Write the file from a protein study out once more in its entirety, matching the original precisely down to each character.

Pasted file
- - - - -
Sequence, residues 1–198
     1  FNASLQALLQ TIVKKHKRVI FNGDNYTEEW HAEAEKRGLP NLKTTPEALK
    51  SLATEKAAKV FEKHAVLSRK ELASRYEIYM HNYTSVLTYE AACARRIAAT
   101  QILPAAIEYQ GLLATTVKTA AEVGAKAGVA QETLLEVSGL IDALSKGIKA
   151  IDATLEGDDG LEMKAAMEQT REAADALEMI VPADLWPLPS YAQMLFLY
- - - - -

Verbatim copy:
Sequence, residues 1–198
     1  FNASLQALLQ TIVKKHKRVI FNGDNYTEEW HAEAEKRGLP NLKTTPEALK
    51  SLATEKAAKV FEKHAVLSRK ELASRYEIYM HNYTSVLTYE AACARRIAAT
   101  QILPAAIEYQ GLLATTVKTA AEVGAKAGVA QETLLEVSGL IDALSKGIKA
   151  IDATLEGDDG LEMKAAMEQT REAADALEMI VPADLWPLPS YAQMLFLY